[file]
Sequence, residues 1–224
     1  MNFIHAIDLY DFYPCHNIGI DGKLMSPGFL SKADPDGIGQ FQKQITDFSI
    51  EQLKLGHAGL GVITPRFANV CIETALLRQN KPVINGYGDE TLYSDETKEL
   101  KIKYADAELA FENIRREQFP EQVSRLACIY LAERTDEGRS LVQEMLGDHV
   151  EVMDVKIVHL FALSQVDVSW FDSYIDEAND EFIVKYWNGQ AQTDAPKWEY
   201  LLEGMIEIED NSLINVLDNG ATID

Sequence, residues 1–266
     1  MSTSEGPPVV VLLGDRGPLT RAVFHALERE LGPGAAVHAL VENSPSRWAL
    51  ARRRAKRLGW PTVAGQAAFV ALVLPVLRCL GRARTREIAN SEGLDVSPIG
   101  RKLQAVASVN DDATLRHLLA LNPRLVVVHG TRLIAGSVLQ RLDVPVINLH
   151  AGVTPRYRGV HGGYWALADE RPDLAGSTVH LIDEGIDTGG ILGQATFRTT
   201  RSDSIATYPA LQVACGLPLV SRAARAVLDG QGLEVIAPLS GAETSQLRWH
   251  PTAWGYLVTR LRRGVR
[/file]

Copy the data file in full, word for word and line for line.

Sequence, residues 1–224
     1  MNFIHAIDLY DFYPCHNIGI DGKLMSPGFL SKADPDGIGQ FQKQITDFSI
    51  EQLKLGHAGL GVITPRFANV CIETALLRQN KPVINGYGDE TLYSDETKEL
   101  KIKYADAELA FENIRREQFP EQVSRLACIY LAERTDEGRS LVQEMLGDHV
   151  EVMDVKIVHL FALSQVDVSW FDSYIDEAND EFIVKYWNGQ AQTDAPKWEY
   201  LLEGMIEIED NSLINVLDNG ATID

Sequence, residues 1–266
     1  MSTSEGPPVV VLLGDRGPLT RAVFHALERE LGPGAAVHAL VENSPSRWAL
    51  ARRRAKRLGW PTVAGQAAFV ALVLPVLRCL GRARTREIAN SEGLDVSPIG
   101  RKLQAVASVN DDATLRHLLA LNPRLVVVHG TRLIAGSVLQ RLDVPVINLH
   151  AGVTPRYRGV HGGYWALADE RPDLAGSTVH LIDEGIDTGG ILGQATFRTT
   201  RSDSIATYPA LQVACGLPLV SRAARAVLDG QGLEVIAPLS GAETSQLRWH
   251  PTAWGYLVTR LRRGVR